Milligram vs Primer

In the world of web development, CSS frameworks are invaluable tools that help developers create responsive and aesthetically pleasing websites efficiently. Among the myriad of frameworks available, Milligram and Primer stand out for their unique features and use cases. This article provides a comprehensive comparison of these two frameworks, covering everything from their design philosophies to their implementation details.

Milligram: A Minimalist’s Delight

Milligram is a minimalist CSS framework designed for better performance and higher productivity with fewer properties to reset. It’s perfect for projects that require a lightweight framework without the need for extensive customization.

Key Features of Milligram

  • Size: Milligram is exceptionally small, with a gzipped size of only ~2KB.
  • Responsive Grid: Utilizes a simple grid system based on Flexbox for easy alignment and distribution of elements.
  • Typography: Provides styles for typography, buttons, forms, and lists.
  • Utilities: Comes with a set of utilities for commonly used CSS tasks.


Milligram can be easily included in your project via npm, yarn, Bower, or a CDN. Here are the links to their installation pages:


The Milligram documentation is straightforward and easy to follow, providing clear examples and usage instructions.

Third-Party Addons or Libraries

While Milligram is designed to be minimal, there are a few third-party addons that can extend its capabilities:

  • Milligram-scss: An SCSS version of Milligram for those who prefer using a preprocessor.
  • Milligram-themes: A collection of themes for Milligram to quickly change the look and feel of your project.

Code Sample

Here’s a simple example of a responsive grid layout using Milligram:

<!DOCTYPE html>
  <link rel="stylesheet" href="[email protected]/dist/milligram.min.css">

<div class="container">
  <div class="row">
    <div class="column column-50 column-offset-25">
      <h1>Centered Column</h1>
      <p>This is a centered column using Milligram's grid system.</p>


Primer: GitHub’s Own CSS Toolkit

Primer is the CSS framework developed by GitHub for its own use before being made available to the public. It is designed to be highly scalable and modular, making it a great choice for large projects and design systems.

Key Features of Primer

  • Modularity: Primer is built with a modular approach, allowing developers to include only the parts they need.
  • Responsive Design: It includes a responsive grid system and utilities for a mobile-first approach.
  • Components: Offers a wide range of pre-styled components like navigation, alerts, and tooltips.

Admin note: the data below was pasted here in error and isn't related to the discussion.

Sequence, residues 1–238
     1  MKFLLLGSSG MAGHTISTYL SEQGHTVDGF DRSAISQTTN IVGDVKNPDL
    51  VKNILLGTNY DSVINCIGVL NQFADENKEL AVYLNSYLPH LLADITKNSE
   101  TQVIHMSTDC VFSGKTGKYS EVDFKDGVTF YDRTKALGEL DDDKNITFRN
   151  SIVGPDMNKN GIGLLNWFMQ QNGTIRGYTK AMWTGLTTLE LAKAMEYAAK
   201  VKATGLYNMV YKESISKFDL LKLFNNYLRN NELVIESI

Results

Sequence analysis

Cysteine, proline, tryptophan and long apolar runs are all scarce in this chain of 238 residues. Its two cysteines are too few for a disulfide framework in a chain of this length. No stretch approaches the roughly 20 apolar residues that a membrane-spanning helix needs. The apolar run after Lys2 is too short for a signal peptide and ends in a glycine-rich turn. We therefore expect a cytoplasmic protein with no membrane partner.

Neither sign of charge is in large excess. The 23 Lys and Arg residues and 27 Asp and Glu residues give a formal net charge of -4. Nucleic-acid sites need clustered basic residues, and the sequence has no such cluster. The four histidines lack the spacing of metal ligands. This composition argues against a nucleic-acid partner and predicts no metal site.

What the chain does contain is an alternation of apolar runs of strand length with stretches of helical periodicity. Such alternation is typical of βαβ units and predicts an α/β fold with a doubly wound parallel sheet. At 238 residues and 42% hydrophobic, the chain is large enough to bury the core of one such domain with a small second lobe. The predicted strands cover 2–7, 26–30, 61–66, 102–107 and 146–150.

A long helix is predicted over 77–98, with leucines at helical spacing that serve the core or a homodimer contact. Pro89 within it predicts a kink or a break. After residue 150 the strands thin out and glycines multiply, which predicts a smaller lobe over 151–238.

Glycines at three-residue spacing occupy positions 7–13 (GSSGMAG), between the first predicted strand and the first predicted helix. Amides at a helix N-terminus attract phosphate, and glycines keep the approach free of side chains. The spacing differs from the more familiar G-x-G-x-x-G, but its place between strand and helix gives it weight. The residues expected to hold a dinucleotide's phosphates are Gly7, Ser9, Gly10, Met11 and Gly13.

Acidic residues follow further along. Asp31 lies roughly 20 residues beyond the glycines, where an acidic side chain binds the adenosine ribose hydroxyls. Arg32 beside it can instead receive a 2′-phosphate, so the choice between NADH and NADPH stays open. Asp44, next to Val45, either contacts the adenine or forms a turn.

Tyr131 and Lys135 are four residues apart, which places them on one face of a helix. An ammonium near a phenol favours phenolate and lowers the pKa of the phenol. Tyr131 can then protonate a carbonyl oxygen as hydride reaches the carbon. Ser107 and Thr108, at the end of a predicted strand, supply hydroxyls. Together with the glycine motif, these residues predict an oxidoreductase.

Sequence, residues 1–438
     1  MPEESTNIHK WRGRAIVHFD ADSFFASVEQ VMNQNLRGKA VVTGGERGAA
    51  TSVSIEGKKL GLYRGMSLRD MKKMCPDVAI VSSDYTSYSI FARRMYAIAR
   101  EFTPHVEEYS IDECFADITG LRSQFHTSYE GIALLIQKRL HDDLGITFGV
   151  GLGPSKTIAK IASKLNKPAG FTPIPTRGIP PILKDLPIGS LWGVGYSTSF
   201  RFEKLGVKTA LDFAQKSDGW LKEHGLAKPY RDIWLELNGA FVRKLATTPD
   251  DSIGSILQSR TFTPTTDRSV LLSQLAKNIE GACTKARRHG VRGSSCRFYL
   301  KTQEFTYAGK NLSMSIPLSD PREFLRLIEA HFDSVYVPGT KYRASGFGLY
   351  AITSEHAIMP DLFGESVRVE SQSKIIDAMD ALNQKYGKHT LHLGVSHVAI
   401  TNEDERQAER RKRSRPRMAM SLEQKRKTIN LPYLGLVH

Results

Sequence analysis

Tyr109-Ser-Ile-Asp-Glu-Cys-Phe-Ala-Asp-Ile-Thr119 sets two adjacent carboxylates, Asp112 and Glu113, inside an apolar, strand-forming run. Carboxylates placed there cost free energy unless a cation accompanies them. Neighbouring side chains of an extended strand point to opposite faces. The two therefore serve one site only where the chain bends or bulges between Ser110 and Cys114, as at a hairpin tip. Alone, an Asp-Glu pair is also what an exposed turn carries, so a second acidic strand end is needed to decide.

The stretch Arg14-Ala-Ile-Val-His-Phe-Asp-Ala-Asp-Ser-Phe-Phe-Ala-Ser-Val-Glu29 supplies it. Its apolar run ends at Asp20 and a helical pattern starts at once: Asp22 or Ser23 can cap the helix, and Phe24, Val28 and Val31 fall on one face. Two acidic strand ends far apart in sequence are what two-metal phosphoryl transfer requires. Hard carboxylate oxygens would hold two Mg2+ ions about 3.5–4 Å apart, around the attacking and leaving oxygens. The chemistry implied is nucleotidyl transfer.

• Utilities: Provides utility classes for spacing, typography, and more to help customize components without writing custom CSS.


Primer can be installed via npm or included directly from a CDN. Here are the links for installation:


The comprehensive Primer documentation provides detailed guidelines on using the framework, including examples and explanations of the various components and utilities.

Third-Party Addons or Libraries

Primer is designed to be used as is, and due to its modular nature, there isn’t a wide range of third-party addons. However, GitHub provides several related projects:

  • Octicons: GitHub’s icon set, used in conjunction with Primer.
  • Primer Components: React components that complement the Primer CSS framework.

Code Sample

Below is an example of using Primer to create a simple navigation bar:

<!DOCTYPE html>
  <link rel="stylesheet" href="">

<nav class="UnderlineNav" aria-label="Foo bar">
  <div class="UnderlineNav-body">
    <a href="#home" class="UnderlineNav-item selected" aria-current="page">Home</a>
    <a href="#documentation" class="UnderlineNav-item">Documentation</a>
    <a href="#about" class="UnderlineNav-item">About</a>


This example demonstrates the use of Primer’s navigation component with the UnderlineNav class to create a simple, styled navigation bar. The selected class is used to indicate the current active page.

In the next section, we will delve into the comparison of customization options, community support, and real-world usage scenarios for both Milligram and Primer. We will also explore advanced implementation techniques and provide more code samples to illustrate the versatility of these frameworks. Stay tuned for the continuation of this in-depth comparison.

Customization Options

Both Milligram and Primer offer customization options, but their approaches differ significantly due to their underlying design philosophies.

Milligram Customization

Milligram’s minimalistic approach means it doesn’t offer a built-in customization system like a theme builder or custom CSS variables. However, developers can override the default styles by writing additional CSS. Since Milligram is minimal by design, it doesn’t take much effort to customize it to fit your design needs.